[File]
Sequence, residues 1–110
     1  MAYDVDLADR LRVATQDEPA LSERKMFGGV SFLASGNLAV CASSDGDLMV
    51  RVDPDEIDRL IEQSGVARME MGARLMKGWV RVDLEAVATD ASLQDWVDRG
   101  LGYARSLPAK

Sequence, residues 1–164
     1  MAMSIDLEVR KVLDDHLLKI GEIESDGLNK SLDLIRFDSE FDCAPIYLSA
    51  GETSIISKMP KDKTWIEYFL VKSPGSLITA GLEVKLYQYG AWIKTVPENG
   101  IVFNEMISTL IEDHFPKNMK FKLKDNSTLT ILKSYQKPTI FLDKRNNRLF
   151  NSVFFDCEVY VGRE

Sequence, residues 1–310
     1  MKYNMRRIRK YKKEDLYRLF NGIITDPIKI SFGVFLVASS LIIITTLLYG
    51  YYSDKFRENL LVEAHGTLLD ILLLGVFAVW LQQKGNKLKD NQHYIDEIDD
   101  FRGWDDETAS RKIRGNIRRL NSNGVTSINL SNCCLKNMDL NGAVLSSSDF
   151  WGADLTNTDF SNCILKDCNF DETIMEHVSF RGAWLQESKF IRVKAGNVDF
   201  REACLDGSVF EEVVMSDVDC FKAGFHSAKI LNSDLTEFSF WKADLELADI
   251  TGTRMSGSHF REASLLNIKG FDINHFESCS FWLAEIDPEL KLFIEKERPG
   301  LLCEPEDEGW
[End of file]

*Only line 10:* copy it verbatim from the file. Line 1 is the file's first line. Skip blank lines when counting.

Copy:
Sequence, residues 1–310